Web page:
Seize the day; put no trust in the morrow.
You may be familiar with the quote from Horace in its Latin version, “Carpe diem,” made famous in the movie Dead Poets Society, starring Robin Williams. The ancient Roman was telling us that nothing gets done tomorrow. You have to act today if you expect to accomplish your purpose in life. But while you must act today, you must keep your eye focused on tomorrow and the next year and the next decade. If your vision does not extend beyond today, then you will become mired in failure, because success in life cannot be achieved in a single day.
Bill Walsh, the National Football League Hall-of-Famer and Stanford University coach, put it very effectively:
Perhaps the secret to effective action lies in how you interpret the length of the “day” in Carpe Diem. If it’s a moment, or a day, you’re cutting down on the odds for success. But if you recognize that in business as in sports (or all of life, for that matter), there’s a “season” made up of several opportunities, those odds go up considerably.1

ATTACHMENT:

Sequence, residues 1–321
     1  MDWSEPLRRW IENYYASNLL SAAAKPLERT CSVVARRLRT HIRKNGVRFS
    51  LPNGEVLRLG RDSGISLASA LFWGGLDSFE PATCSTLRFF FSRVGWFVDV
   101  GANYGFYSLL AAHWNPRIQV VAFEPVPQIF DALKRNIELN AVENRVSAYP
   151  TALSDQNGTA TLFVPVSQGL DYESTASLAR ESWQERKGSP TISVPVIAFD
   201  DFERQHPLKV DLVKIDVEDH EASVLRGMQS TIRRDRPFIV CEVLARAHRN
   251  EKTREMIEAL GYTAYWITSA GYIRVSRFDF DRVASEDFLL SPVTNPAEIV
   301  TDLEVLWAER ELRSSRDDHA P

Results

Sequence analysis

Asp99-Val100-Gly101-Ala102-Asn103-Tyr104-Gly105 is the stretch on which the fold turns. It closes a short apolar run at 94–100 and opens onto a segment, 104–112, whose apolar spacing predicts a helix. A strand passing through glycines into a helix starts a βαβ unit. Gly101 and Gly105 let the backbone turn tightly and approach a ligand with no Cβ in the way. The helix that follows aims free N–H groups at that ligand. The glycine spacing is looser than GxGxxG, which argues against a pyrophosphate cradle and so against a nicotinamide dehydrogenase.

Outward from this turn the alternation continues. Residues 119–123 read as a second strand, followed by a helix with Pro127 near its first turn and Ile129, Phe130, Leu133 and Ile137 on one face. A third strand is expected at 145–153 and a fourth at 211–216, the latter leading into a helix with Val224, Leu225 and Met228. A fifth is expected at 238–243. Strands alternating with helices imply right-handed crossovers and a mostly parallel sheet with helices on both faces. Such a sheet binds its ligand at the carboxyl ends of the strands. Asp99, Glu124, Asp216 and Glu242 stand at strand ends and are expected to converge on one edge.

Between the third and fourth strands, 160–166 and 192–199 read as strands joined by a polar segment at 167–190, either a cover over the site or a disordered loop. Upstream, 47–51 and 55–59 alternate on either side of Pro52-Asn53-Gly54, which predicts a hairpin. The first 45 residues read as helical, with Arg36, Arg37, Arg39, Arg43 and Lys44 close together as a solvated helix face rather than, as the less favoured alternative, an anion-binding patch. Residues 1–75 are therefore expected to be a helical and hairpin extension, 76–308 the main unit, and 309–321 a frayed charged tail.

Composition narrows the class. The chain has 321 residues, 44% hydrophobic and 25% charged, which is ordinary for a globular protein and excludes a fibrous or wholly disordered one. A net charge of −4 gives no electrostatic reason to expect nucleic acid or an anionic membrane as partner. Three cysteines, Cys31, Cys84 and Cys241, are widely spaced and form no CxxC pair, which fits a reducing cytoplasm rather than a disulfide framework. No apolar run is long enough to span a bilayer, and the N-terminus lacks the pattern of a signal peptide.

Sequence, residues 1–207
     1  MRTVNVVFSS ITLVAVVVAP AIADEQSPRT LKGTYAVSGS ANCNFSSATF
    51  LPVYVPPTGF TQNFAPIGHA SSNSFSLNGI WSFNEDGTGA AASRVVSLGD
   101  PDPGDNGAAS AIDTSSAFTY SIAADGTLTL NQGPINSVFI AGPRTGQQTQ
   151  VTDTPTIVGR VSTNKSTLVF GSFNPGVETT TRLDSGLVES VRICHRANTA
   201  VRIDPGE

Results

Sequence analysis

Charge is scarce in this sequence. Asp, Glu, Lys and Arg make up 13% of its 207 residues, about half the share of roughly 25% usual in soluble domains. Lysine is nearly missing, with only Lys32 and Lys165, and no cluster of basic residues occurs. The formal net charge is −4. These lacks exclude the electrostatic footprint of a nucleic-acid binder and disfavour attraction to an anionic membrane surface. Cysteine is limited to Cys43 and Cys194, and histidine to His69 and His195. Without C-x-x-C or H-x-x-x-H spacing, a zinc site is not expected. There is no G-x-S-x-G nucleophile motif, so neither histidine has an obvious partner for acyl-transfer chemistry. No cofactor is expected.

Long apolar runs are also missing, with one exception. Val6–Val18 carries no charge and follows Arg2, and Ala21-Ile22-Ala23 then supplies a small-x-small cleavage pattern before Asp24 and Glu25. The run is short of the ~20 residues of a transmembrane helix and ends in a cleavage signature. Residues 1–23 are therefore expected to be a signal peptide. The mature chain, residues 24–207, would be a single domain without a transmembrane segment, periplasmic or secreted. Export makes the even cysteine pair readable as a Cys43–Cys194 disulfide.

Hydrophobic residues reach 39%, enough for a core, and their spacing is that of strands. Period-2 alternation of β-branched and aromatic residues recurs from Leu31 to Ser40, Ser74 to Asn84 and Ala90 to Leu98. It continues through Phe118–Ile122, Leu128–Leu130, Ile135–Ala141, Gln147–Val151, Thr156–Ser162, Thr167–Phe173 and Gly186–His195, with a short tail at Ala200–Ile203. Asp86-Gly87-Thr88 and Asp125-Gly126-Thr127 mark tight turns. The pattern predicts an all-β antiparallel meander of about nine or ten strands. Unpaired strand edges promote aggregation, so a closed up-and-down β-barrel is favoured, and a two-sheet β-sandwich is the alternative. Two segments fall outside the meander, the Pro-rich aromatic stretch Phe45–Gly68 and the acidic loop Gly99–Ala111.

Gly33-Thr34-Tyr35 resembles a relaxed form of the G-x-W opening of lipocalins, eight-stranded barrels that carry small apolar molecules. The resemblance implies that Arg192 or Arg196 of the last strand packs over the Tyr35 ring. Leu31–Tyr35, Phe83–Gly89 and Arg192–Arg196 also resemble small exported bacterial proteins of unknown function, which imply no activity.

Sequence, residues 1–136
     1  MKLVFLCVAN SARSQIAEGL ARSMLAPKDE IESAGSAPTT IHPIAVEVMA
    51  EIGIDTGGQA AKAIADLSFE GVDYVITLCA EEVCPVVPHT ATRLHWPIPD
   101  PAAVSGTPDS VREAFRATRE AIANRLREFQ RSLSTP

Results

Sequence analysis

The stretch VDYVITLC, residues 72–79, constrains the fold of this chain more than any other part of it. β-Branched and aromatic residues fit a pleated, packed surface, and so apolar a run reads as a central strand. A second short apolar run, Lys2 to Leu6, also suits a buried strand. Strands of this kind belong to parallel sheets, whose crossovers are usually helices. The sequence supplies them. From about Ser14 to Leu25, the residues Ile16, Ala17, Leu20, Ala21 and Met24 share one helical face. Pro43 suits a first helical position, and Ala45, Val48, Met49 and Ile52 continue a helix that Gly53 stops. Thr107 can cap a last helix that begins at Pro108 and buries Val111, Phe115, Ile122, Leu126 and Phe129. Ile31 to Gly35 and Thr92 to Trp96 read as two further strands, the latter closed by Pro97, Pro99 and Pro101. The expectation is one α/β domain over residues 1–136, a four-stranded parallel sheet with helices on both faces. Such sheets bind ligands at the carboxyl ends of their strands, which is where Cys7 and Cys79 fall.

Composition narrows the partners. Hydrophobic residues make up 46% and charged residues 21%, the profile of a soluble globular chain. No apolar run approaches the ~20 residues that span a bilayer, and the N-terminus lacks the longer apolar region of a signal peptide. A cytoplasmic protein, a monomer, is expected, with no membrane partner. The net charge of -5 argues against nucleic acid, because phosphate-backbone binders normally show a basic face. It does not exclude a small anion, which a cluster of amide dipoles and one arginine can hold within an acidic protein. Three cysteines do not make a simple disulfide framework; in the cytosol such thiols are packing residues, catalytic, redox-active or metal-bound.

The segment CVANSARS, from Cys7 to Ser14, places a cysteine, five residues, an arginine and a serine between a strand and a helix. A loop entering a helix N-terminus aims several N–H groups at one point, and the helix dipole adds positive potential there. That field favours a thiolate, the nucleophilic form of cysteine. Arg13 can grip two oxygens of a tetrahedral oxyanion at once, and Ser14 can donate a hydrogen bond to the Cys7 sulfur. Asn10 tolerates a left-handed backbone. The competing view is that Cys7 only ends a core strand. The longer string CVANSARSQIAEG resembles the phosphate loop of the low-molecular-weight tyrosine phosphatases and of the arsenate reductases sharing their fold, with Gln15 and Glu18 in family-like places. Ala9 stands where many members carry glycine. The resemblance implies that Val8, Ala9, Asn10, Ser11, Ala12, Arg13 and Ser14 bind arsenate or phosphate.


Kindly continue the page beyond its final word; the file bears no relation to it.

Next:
But the opportunities are like baseball pitches: You have to swing at them if you expect to hit the ball out of the park. So Walsh adds:
The key to success is reaching out, extending yourself, striking, and then, if you fail, bouncing back and doing it again— being so resourceful that finally when the moment comes again you won’t hesitate.2
Hesitation results from an uncertainty about where you want to go and what you ...